News : Jaguar Land Rover profits up 11%

Carole Nash Classic Insurance Specialists

Range Rover L405 (1)

The Jaguar Land Rover success story shows no sign of abating, as the company reports another significant rise in sales and profits during the past 12 months. The company has reported revenues of £15.8bn for the fiscal year ended 31 March 2013, up 17% year on year (£13.5bn last year).

Retail sales increased 22% to 374,636 vehicles, supported by significant product actions including the Range Rover, Jaguar all-wheel drive XF and XJ and the XF Sportbrake. The company generated positive sales growth in all regions: China up 48%, Asia Pacific up 27%, UK up 20%, Europe up 18%, North America up 9% and other overseas markets up 19%. Profit before tax increased by 11% to £1,675m for the fiscal year (£1,507m last year).

Commenting on the results, Jaguar Land Rover Chief Executive Officer, Dr Ralf Speth said: ‘The positive result for the financial year demonstrates that we have strong demand for our great, solid product portfolio all around the world. During this period Jaguar Land Rover unveiled major new products, the all-new all aluminium Range Rover and the Jaguar Sportbrake, the AWD XF and AWD XJ and the stunning F-Type.’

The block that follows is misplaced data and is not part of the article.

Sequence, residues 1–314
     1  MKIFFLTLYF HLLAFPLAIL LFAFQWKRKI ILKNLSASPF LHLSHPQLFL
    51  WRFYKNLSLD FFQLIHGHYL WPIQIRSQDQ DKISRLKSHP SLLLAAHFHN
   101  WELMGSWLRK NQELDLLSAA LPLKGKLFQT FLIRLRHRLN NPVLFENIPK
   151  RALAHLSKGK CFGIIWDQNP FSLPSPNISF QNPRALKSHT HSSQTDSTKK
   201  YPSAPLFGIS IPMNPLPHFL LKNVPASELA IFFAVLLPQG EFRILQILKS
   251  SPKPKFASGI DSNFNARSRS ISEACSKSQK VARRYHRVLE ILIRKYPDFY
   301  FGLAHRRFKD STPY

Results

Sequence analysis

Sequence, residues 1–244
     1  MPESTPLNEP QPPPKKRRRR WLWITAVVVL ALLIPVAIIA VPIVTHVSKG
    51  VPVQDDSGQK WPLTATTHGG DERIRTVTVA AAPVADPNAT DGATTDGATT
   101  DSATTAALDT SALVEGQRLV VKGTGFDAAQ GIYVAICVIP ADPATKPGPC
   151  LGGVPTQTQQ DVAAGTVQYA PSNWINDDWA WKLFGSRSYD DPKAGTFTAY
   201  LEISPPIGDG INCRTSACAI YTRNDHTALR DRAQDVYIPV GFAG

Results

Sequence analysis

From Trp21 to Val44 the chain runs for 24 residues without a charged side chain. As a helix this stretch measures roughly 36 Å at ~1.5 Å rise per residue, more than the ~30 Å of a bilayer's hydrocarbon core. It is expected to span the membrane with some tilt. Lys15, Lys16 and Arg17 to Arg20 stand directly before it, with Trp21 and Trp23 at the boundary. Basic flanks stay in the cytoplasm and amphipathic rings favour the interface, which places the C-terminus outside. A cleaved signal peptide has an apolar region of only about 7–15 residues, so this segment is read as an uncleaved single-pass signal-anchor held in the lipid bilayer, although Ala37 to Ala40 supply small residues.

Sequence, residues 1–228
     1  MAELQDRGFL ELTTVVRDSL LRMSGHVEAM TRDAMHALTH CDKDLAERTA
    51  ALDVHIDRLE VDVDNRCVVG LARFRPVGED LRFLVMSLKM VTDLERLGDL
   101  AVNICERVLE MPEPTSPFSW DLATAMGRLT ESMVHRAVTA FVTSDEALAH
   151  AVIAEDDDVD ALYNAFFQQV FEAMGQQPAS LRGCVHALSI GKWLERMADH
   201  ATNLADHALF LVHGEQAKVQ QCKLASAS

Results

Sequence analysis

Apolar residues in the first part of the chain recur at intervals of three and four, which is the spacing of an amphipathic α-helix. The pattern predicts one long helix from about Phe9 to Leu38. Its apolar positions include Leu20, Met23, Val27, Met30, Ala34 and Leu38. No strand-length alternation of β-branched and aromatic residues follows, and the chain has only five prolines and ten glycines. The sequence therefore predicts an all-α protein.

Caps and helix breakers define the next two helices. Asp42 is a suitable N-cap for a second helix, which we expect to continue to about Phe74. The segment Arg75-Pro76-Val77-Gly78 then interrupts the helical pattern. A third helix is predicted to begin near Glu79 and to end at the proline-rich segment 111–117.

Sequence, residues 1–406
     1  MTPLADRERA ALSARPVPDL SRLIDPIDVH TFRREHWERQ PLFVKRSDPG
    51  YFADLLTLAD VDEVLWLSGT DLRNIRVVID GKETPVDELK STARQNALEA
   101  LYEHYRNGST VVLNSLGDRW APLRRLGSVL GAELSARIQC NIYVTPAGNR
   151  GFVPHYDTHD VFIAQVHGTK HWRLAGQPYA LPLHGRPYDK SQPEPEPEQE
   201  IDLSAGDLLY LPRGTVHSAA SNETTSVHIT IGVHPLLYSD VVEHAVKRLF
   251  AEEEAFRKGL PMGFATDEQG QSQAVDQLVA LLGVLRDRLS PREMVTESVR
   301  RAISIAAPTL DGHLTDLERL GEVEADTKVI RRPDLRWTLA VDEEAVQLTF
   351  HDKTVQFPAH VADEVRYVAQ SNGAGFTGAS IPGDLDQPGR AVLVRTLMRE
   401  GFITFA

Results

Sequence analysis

Dr Speth continued: ‘Jaguar Land Rover invested significantly in the product creation process, in our advanced manufacturing sites and created more than 3000 jobs. This commitment is set to continue with a sustained programme of investment which will see us spend in the region of £2.75bn on new product, people and infrastructure in the year to March 2014.’

Jaguar Land Rover 2012/13 Fiscal Year Retail Sales:

TOTAL 374,636 up 22%
Europe 80,994 up 18%
China 77,075 up 48%
UK 72,270 up 20%
North America 62,959 up 9%
Asia Pacific 17,849 up 27%
Overseas 63,489 up 19%

f-type-race-628

Keith Adams

Keith Adams

Editor and creator AROnline at AROnline
Created www.austin-rover.co.uk in 2001 and built it up to become the world's foremost reference source for all things BMC, Leyland and Rover Group, before renaming it AROnline in 2007.